propinquity \pruh-PING-kwih-tee\, noun:
1. Nearness in place; proximity.
2. Nearness in time.
3. Nearness of relation; kinship.
Following the race he took umbrage at Stewart's rough
driving so early in the day, and the propinquity of the two
drivers' haulers allowed the Kid to express his displeasure
up close and personal.
--Mark Bechtel, "Getting Hot," Sports Illustrated,
December 6, 2000
Technologically it is the top service among the women's
fighting forces, and it also has the appeal of propinquity
to gallant young airmen.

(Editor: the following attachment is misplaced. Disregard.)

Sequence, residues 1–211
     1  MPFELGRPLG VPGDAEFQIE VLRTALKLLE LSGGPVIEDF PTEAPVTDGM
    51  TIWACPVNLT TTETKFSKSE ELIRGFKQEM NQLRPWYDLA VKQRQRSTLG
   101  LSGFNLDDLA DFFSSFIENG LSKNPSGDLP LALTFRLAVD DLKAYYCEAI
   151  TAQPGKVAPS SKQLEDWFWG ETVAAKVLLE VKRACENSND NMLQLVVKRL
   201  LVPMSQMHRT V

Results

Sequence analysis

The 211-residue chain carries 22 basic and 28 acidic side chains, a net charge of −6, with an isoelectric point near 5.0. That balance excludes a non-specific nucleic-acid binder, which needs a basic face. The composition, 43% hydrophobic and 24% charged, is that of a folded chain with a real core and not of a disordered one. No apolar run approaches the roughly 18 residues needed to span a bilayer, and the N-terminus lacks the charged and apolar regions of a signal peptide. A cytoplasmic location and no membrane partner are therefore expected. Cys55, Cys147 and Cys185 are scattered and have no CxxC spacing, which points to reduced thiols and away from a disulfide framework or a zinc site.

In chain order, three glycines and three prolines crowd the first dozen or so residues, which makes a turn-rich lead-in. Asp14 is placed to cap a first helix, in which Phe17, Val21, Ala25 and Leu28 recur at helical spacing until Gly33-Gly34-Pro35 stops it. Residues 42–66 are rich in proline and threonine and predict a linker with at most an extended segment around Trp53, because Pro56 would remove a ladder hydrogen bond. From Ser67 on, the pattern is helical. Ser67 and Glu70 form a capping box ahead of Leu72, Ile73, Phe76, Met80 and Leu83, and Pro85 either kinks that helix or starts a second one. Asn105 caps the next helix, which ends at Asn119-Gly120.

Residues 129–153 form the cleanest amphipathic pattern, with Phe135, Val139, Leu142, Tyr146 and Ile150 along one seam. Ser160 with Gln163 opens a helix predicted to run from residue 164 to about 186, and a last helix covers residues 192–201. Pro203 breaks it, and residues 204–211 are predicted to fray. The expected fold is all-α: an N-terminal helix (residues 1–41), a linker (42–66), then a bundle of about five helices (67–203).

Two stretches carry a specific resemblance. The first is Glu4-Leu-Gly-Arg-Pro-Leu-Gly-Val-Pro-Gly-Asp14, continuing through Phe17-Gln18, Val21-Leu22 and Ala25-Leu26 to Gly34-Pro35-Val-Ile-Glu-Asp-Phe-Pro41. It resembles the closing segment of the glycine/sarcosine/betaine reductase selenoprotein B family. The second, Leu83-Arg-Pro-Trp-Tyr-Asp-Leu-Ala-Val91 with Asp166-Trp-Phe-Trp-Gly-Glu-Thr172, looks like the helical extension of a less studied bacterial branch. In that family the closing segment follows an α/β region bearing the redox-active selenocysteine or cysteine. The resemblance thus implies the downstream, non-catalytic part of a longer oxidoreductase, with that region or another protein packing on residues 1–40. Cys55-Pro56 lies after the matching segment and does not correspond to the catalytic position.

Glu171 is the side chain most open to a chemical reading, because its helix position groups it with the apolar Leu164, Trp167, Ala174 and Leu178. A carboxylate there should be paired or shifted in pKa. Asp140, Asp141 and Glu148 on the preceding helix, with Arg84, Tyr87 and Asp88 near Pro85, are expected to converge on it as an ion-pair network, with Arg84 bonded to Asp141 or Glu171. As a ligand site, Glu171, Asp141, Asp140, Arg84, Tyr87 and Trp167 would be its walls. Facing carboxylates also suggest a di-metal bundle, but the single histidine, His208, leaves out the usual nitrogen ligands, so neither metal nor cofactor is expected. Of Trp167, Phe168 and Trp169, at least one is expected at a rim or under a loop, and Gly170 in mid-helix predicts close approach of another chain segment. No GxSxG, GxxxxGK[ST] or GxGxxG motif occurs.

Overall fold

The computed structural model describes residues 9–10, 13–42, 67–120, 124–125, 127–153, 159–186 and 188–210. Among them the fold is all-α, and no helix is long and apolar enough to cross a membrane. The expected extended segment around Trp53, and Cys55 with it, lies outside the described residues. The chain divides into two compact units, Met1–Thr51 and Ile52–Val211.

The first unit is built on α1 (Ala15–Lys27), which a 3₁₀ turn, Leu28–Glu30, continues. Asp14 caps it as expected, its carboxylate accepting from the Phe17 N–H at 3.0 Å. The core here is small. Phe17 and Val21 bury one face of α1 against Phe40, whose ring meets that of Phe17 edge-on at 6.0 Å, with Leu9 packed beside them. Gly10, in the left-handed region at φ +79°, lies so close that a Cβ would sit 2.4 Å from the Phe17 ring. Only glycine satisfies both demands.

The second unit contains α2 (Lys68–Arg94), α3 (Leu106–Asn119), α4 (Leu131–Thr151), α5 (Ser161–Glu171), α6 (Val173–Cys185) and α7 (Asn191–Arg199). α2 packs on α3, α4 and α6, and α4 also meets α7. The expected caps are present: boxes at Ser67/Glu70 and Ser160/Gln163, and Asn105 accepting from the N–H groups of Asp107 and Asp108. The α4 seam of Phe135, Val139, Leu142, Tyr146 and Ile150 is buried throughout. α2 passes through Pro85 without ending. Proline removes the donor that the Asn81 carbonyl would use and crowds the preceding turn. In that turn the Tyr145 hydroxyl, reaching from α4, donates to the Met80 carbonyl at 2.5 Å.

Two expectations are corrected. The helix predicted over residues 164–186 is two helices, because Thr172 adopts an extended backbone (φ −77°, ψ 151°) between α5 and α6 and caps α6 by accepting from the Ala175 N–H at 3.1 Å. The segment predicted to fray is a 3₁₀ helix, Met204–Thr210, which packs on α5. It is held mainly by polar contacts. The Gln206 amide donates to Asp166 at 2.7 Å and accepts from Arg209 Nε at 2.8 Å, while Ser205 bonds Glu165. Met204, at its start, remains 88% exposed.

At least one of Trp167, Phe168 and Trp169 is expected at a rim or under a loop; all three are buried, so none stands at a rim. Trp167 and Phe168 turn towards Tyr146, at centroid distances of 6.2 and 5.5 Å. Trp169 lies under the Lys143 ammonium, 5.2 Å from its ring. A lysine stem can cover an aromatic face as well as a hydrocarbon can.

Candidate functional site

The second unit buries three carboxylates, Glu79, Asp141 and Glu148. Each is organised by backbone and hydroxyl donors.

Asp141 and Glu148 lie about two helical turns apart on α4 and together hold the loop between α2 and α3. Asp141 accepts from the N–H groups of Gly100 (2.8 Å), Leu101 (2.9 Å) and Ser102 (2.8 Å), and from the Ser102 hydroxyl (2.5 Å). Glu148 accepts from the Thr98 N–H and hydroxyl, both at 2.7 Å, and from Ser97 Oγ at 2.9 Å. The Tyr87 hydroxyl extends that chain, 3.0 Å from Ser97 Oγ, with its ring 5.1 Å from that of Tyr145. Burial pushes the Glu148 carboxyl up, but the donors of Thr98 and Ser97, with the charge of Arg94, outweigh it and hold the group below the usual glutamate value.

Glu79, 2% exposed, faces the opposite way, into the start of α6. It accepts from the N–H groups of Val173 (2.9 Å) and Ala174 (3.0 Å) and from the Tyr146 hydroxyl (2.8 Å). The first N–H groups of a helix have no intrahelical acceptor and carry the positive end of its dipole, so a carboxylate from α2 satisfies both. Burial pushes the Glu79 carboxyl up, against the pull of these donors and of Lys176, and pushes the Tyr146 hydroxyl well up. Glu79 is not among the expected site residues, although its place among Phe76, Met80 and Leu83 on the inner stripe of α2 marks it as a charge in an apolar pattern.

--"After Boadicea -- Women at War," Time Europe, October
I was stunned by the propinquity of the events: I had never
been in the same room with anyone who was later murdered.
--Karla Jay, Tales of the Lavender Menace
Schultz came by her position through propinquity: her
husband, older by 12 years, used to play music with De
Maiziere and afterward chat about politics.
--Johanna McGeary, "Challenge In the East," Time,
November 8, 1990
Propinquity derives from Latin propinquitas, from propinquus,
"near, neighboring," from prope, "near."